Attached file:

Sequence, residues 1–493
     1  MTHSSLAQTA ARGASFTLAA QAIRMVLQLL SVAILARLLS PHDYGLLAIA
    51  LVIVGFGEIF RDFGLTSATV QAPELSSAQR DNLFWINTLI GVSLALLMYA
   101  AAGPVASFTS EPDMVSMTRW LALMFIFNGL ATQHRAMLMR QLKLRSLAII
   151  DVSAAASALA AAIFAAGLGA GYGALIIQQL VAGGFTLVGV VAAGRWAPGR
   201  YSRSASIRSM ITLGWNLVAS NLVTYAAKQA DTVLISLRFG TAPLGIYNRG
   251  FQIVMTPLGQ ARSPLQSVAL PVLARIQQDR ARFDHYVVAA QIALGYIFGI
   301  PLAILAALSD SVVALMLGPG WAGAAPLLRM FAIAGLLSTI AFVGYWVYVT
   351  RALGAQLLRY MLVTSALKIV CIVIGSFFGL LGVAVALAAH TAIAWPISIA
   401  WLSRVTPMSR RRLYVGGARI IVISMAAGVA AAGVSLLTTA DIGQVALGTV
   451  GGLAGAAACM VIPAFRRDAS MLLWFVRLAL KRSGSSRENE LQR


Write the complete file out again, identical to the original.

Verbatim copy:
Sequence, residues 1–493
     1  MTHSSLAQTA ARGASFTLAA QAIRMVLQLL SVAILARLLS PHDYGLLAIA
    51  LVIVGFGEIF RDFGLTSATV QAPELSSAQR DNLFWINTLI GVSLALLMYA
   101  AAGPVASFTS EPDMVSMTRW LALMFIFNGL ATQHRAMLMR QLKLRSLAII
   151  DVSAAASALA AAIFAAGLGA GYGALIIQQL VAGGFTLVGV VAAGRWAPGR
   201  YSRSASIRSM ITLGWNLVAS NLVTYAAKQA DTVLISLRFG TAPLGIYNRG
   251  FQIVMTPLGQ ARSPLQSVAL PVLARIQQDR ARFDHYVVAA QIALGYIFGI
   301  PLAILAALSD SVVALMLGPG WAGAAPLLRM FAIAGLLSTI AFVGYWVYVT
   351  RALGAQLLRY MLVTSALKIV CIVIGSFFGL LGVAVALAAH TAIAWPISIA
   401  WLSRVTPMSR RRLYVGGARI IVISMAAGVA AAGVSLLTTA DIGQVALGTV
   451  GGLAGAAACM VIPAFRRDAS MLLWFVRLAL KRSGSSRENE LQR